Prograf is used for preventing organ rejection in patients following liver, kidney, or heart transplant. It may be used along with other medicines. Prograf is an immunosuppressant. It blocks the action of certain blood cells (eg, T lymphocytes) that can cause the body to reject the transplanted organ.
Use Prograf as directed by your doctor.
- Do not take Prograf in larger amounts, or take it for longer than recommended by your doctor. Follow the directions on your prescription label.
- Prograf is usually taken every 12 hours. Your doctor may occasionally change your dose to make sure you get the best results from this medication.
- Prograf can lower the blood cells that help your body fight infections. This can make it easier for you to bleed from an injury or get sick from being around others who are ill. To be sure your blood cells do not get too low, your blood will need to be tested on a regular basis.
- Your kidney or liver function may also need to be tested.
- Continue to use Prograf even if you feel well. Do not miss any dose.
- Grapefruit and grapefruit juice may increase the risk of side effects from Prograf. Talk to your doctor before including grapefruit or grapefruit juice in your diet while taking Prograf.
- If you miss a dose of Prograf, contact your doctor right away.
Ask your health care provider any questions you may have about how to use Prograf.
Store Prograf at room temperature between 59 and 86 degrees F (15 to 30 degrees C) away from heat and light. Do not store in the bathroom. Keep Prograf out of the reach of children.
Active Ingredient: Tacrolimus.
Do NOT use Prograf if:
- you are allergic to any ingredient in Prograf, including castor oil
- you are taking astemizole, cisapride, dofetilide, ibutilide, a potassium-sparing diuretic (eg, spironolactone), sirolimus, terfenadine, or ziprasidone
- you have taken cyclosporine with the last 24 hours.
Contact your doctor or health care provider right away if any of these apply to you.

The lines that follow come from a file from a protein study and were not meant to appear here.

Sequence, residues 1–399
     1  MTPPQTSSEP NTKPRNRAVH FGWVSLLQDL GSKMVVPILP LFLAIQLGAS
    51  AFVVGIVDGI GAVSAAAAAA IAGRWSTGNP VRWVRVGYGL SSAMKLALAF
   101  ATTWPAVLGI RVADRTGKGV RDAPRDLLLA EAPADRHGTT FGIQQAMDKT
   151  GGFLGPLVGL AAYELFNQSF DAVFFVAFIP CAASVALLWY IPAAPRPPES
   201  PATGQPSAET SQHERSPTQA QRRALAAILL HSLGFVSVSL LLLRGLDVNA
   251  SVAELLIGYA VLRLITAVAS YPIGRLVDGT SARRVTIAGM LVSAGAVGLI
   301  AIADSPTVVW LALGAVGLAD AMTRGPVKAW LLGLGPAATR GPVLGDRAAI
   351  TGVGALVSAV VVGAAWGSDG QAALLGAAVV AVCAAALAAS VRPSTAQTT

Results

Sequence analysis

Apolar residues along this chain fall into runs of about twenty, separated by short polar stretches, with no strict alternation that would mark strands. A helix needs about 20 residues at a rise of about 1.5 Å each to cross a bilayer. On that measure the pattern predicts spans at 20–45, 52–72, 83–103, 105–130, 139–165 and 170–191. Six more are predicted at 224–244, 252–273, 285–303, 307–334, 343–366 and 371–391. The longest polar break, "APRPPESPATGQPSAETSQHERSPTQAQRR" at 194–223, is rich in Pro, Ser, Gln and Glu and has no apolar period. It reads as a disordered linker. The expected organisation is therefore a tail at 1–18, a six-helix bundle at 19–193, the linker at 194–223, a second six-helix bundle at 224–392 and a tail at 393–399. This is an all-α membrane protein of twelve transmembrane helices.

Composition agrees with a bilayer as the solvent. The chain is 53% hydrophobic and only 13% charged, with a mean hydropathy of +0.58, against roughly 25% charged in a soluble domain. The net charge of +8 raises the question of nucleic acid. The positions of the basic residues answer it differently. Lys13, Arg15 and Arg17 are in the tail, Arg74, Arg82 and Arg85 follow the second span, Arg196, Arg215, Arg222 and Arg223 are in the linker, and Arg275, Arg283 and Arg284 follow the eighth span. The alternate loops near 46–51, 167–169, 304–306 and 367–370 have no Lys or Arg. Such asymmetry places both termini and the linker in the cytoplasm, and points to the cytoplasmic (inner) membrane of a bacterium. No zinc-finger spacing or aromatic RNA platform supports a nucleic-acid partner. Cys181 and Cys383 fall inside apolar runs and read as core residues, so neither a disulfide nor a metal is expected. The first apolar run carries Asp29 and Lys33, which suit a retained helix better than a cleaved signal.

Some medical conditions may interact with Prograf. Tell your doctor or pharmacist if you have any medical conditions, especially if any of the following apply to you:
- if you are pregnant, planning to become pregnant, or are breast-feeding
- if you are taking any prescription or nonprescription medicine, herbal preparation, or dietary supplement
- if you have allergies to medicines, foods, or other substances
- if you have heart, kidney, or liver problems; diabetes; or high potassium levels in your blood.
Some medicines may interact with Prograf. Tell your health care provider if you are taking any other medicines, especially any of the following:
- Potassium-sparing diuretics (eg, spironolactone) because the risk of high blood potassium levels may be increased
- Cyclosporine or other medicines that may harm the kidney (eg, aminoglycoside antibiotics [eg, gentamicin], amphotericin B, cisplatin, cyclosporine, ganciclovir, nonsteroidal anti-inflammatory drugs [NSAIDs] [eg, ibuprofen], vancomycin) or the liver (eg, acetaminophen, methotrexate, ketoconazole, isoniazid, certain medicines for HIV infection) because the risk of kidney or liver side effects may be increased. Ask your doctor if you are unsure if any of your medicines might harm the kidney or liver
- Many prescription and nonprescription medicines (eg, used for infections, inflammation, aches and pains, high blood pressure, high cholesterol, seizures, stomach problems), multivitamin products, herbal or dietary supplements (eg, herbal teas, coenzyme Q10, garlic, ginseng, ginkgo, St. John's wort), astemizole, cisapride, dofetilide, ibutilide, sirolimus, terfenadine, and ziprasidone may interact with Prograf, increasing the risk of side effects.
This may not be a complete list of all interactions that may occur. Ask your health care provider if Prograf may interact with other medicines that you take. Check with your health care provider before you start, stop, or change the dose of any medicine.